Key Differences between U.S. GAAP and IFRS for Consumer Products Companies
IFRS guidance is currently comprised of 38 standards and 26 interpretations. Some of the more significant differences between U.S. GAAP and IFRS of particular interest to consumer product companies are discussed below, along with their associated impact on tax, processes and systems.
Inventories: International Accounting Standard 2 (IAS 2) Accounting Methods
The cost of inventory under both U.S. GAAP and IFRS generally includes direct expenditures of getting inventories ready for sale, including overhead and other costs attributable to the purchase or production of inventory. IAS 2 specifically requires use of either the first-in, first- out (FIFO) or the weighted-average cost method, but allows the standard cost method or the retail method for convenience if the results approximate cost. Further, IFRS requires that the same costing formula be used for all inventories with a similar nature and use to the entity.
The Tax Dilemma
Under U.S. GAAP, during periods of rising prices, the LIFO costing method leads to higher recognized costs of sales, and thus reduces taxable income. Under Internal Revenue Service (IRS) rules, consumer product companies using the LIFO method must conform their financial reporting method to LIFO. But under IFRS, use of the LIFO costing method is explicitly not permitted. The adoption of IFRS for financial reporting purposes could result in significant tax consequences, as its stated preclusion of LIFO for financial reporting would violate current IRS conformity requirements for those using LIFO for tax purposes.
Some business observers speculate that the U.S. Congress and the IRS will be compelled to address this issue should IFRS be mandated, perhaps by offering a one-time conversion opportunity that limits the tax liability. Companies should closely monitor developments in this area and may want to begin the analysis to estimate the dollar cost of converting from LIFO under the current IRS conversion rules.
Under U.S. GAAP, inventories are required to be stated at the lower of cost or market (“LCM”), with market defined as current replacement cost. Market should not exceed net realizable value (defined as the estimated selling price in the ordinary course of business less reasonably predictable costs of completion and disposal) or be less than NRV reduced by an allowance for a normal profit margin. For U.S. GAAP purposes, application of the LCM approach leads to an acceptable range of practice among consumer product companies, given the floor and ceiling concept in the definition of market.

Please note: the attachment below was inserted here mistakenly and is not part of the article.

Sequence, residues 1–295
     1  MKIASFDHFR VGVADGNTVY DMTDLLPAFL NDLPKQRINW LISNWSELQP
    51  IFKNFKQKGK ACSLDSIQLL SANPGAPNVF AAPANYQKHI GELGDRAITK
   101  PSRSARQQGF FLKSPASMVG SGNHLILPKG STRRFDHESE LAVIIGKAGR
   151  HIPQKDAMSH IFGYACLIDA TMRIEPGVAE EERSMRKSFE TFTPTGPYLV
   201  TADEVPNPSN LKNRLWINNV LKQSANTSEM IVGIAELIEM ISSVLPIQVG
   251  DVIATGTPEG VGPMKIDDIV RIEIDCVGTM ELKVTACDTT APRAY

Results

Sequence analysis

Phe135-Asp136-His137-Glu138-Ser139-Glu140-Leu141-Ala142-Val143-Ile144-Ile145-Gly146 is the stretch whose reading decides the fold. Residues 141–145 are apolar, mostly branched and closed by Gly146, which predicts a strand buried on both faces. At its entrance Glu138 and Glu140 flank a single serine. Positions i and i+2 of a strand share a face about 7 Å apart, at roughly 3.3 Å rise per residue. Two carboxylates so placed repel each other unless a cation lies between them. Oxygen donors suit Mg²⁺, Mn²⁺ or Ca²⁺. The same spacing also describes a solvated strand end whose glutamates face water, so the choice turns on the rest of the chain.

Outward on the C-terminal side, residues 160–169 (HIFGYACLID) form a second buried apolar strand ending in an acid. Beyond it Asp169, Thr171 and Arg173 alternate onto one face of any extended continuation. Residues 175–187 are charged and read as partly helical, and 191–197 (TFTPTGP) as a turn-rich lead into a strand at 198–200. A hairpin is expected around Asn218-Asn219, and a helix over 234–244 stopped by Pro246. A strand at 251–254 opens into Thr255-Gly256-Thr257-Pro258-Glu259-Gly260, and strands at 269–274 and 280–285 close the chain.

Under IFRS, inventories are stated at the lower of cost or net realizable value (defined as the estimated selling price in the ordinary course of business less the estimated cost of completion and the estimated cost necessary to make the sale). Under IFRS, there is no concept of reducing NRV to allow for a normal profit margin. While the definitions of carrying value under U.S. GAAP and IFRS appear to be only slightly different, the outcome may be significantly different depending on a company’s current practice for determining LCM.
Reversal of Write-Downs
A new assessment is made of net realizable value in each subsequent period. Under IFRS, unlike U.S. GAAP, when the circumstances that previously caused inventories to be written down below cost no longer exist or when there is clear evidence of an increase in net realizable value because of changed economic circumstances, the amount of the write-down is reversed (i.e., the reversal is limited to the amount of the original write-down) so that the new carrying amount is the lower of the cost or the revised net realizable value. This occurs, for example, when an item of inventory that is carried at net realizable value because its selling price had declined, is still on hand in a subsequent period and its selling price has increased. Any impairment or reversal is recorded to cost of sales in the period in which it occurs.
Summary of Impact on Inventories
Key Accounting Differences
Measure at cost or NRV
Use same valuation
Reversal of impairment
Valuation of inventory
Potential Implications Process/Systems
Inventory system changes
Processes around reversal of
Potential significant cost if LIFO change
Impact from change in valuation